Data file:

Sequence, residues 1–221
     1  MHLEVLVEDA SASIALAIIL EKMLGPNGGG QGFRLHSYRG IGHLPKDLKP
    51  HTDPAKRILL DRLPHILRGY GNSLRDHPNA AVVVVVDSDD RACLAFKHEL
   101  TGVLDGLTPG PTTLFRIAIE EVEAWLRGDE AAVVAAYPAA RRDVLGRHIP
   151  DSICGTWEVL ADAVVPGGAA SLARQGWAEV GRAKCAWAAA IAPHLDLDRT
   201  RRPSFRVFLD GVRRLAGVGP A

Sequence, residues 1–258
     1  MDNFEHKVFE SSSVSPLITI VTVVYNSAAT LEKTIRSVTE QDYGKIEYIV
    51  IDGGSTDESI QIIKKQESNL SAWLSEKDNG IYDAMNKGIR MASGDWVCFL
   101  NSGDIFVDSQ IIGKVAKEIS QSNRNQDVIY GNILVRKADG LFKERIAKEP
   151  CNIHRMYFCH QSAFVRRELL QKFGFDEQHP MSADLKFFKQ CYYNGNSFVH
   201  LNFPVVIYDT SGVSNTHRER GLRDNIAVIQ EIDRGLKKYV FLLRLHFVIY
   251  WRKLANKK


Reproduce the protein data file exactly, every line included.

Sequence, residues 1–221
     1  MHLEVLVEDA SASIALAIIL EKMLGPNGGG QGFRLHSYRG IGHLPKDLKP
    51  HTDPAKRILL DRLPHILRGY GNSLRDHPNA AVVVVVDSDD RACLAFKHEL
   101  TGVLDGLTPG PTTLFRIAIE EVEAWLRGDE AAVVAAYPAA RRDVLGRHIP
   151  DSICGTWEVL ADAVVPGGAA SLARQGWAEV GRAKCAWAAA IAPHLDLDRT
   201  RRPSFRVFLD GVRRLAGVGP A

Sequence, residues 1–258
     1  MDNFEHKVFE SSSVSPLITI VTVVYNSAAT LEKTIRSVTE QDYGKIEYIV
    51  IDGGSTDESI QIIKKQESNL SAWLSEKDNG IYDAMNKGIR MASGDWVCFL
   101  NSGDIFVDSQ IIGKVAKEIS QSNRNQDVIY GNILVRKADG LFKERIAKEP
   151  CNIHRMYFCH QSAFVRRELL QKFGFDEQHP MSADLKFFKQ CYYNGNSFVH
   201  LNFPVVIYDT SGVSNTHRER GLRDNIAVIQ EIDRGLKKYV FLLRLHFVIY
   251  WRKLANKK